Hiring and Recruiting Resources
Important change to the law!
When posting job advertisements, including listings for PA staff employers must clearly state the rate of pay for the position.
This is a new requirement that has gone into effect as of 9/17/23.
Consumers are advised to adjust their advertisements to comply. If you do not know the rate of pay your PAs are getting, your FI can tell you.
In CDPA, you are responsible for recruiting and hiring your own personal assistants.
One of the most common mistakes people make about CDPA is that it is only for hiring friends and family.
That certainly is an important part of what makes CDPA so popular, but it is far from the only way to hire workers. CDPAANYS estimates, based on surveys of consumers, that more than half of the New Yorkers who use CDPA do not have or do not wish to hire family, and therefore must advertise to hire personal assistants (PAs).
We’ve created some resources to help you recruit and hire PAs, with the goal of creating lasting and successful work relationships.
Advertising can be done online, in the community, and by word of mouth. While many people don’t advertise because of the cost, there are free and/or low cost ways to do it.
When creating an advertisement
- Job requirements – skills/experience needed, languages spoken, etc.
- “Non-negotiables” and absolute must-haves – create a list of daily activities and rank them in order of importance. Remember – YOU are hiring, so what’s most important to YOU is what matters most.
- Social – Will you want to socialize with the PA, or will the relationship be more professional? Example – sitting down and sharing a meal together
- Be clear that the job is CDPA – not traditional home care.
- Information about pay and using an FI – benefits, overtime, etc.
- Use inviting language that encourages candidates to apply.
- If you are tech savvy, you can create an online application or form using Google Forms, Microsoft Forms, and other similar sites. There are a number of templates that are available.
- Some places in New York, primarily New York City, require you to list the pay rate in any official job advertisement. This is also a best practice, to keep from getting through a complex process only to have someone turn down the job because they thought they would make more.
- Too many details about you, your identity, or specific location. A stranger should not be able to figure out who you are based on the content of your ad.
- Information about past negative experiences. Let the past be the past.
- Any language discriminating against protected classes! The list of protected classes can differ by county, and in New York City includes groups not included under state law.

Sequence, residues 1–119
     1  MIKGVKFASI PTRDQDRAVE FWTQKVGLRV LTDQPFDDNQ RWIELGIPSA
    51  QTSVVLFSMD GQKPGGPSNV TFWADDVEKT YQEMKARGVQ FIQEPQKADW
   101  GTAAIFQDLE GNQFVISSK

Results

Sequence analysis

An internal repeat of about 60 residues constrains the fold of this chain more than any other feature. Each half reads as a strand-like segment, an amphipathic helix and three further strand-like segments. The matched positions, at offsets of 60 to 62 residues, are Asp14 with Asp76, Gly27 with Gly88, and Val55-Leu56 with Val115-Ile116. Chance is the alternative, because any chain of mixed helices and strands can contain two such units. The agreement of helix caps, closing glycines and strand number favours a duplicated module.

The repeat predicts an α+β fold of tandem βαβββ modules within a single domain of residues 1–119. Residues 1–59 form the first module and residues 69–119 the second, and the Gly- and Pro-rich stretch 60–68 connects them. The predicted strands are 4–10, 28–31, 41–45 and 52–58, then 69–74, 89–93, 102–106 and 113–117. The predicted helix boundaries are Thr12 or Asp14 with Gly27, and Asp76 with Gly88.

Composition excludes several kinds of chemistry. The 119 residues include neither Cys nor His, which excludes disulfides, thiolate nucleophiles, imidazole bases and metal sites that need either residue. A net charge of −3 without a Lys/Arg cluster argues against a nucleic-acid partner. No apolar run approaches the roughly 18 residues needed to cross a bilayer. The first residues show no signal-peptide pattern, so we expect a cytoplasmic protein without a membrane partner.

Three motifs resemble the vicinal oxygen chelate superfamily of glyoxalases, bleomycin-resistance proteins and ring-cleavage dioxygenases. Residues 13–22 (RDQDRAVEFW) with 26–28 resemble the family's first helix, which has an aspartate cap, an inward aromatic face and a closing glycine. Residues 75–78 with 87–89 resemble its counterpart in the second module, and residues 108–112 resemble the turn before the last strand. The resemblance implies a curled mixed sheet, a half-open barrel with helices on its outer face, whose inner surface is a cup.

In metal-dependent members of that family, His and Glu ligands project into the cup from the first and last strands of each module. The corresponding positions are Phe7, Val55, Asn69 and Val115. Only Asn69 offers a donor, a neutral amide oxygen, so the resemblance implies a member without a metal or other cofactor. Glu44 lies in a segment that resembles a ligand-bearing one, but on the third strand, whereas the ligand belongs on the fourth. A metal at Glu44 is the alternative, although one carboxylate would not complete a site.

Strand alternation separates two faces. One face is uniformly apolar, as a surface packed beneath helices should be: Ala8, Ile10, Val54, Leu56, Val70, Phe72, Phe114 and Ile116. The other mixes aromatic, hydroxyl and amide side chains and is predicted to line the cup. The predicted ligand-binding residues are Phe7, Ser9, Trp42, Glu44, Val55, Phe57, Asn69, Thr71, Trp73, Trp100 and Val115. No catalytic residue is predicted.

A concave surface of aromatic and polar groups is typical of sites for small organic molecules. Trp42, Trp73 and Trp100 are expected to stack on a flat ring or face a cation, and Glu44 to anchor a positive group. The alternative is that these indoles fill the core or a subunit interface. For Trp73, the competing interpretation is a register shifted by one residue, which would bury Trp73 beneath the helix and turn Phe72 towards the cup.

- Asking your fiscal intermediary (FI) what resources they can assist you with. Sometimes they have online or paper resources of people looking for employment as a PA.
- Posting your ad to your social media accounts.
- Hiring websites such as Care.com, Craigslist, and Indeed.com. – note that many times these sites contain individuals who are looking for much more than Medicaid will pay, so it is particularly important to make sure to note the wage.
- Hang flyers on community bulletin boards and job boards.
- Speaking with current and former PAs and consumers, and their networks.
- Contacting religious organizations, community groups, community & cultural centers. Places you frequent are likely to attract applicants with similarities in culture, language, and other matters important to you.
For details, including sample questions, read our full interview guide.
Before you pick up the phone to schedule an interview with a personal assistant (PA) candidate, decide:
- When you are available for the interview;
- Where the interview will be held. (NOTE: DO NOT hold an interview at your home or apartment.)
Figure out your needs ahead of the interview
It is important to be well prepared and organized before the interview begins. If you are unprepared or unable to answer basic questions, the candidate may not want to work for you. If the candidate has a question you cannot answer, don’t make something up. Tell them you will find out an answer (including how you plan to do so, if possible), give them a time frame in which you will respond to them, and then keep your word.
Start the interview off right
There are many ways to start an interview – some better than others. We recommend always beginning with a warm welcome and thanking the person who is being interviewed. Remember, each applicant is a fresh start, and you want them to feel optimistic about the job. Your previous experience with other PAs has nothing to do with the person you are interviewing.
Ask the right things during the interview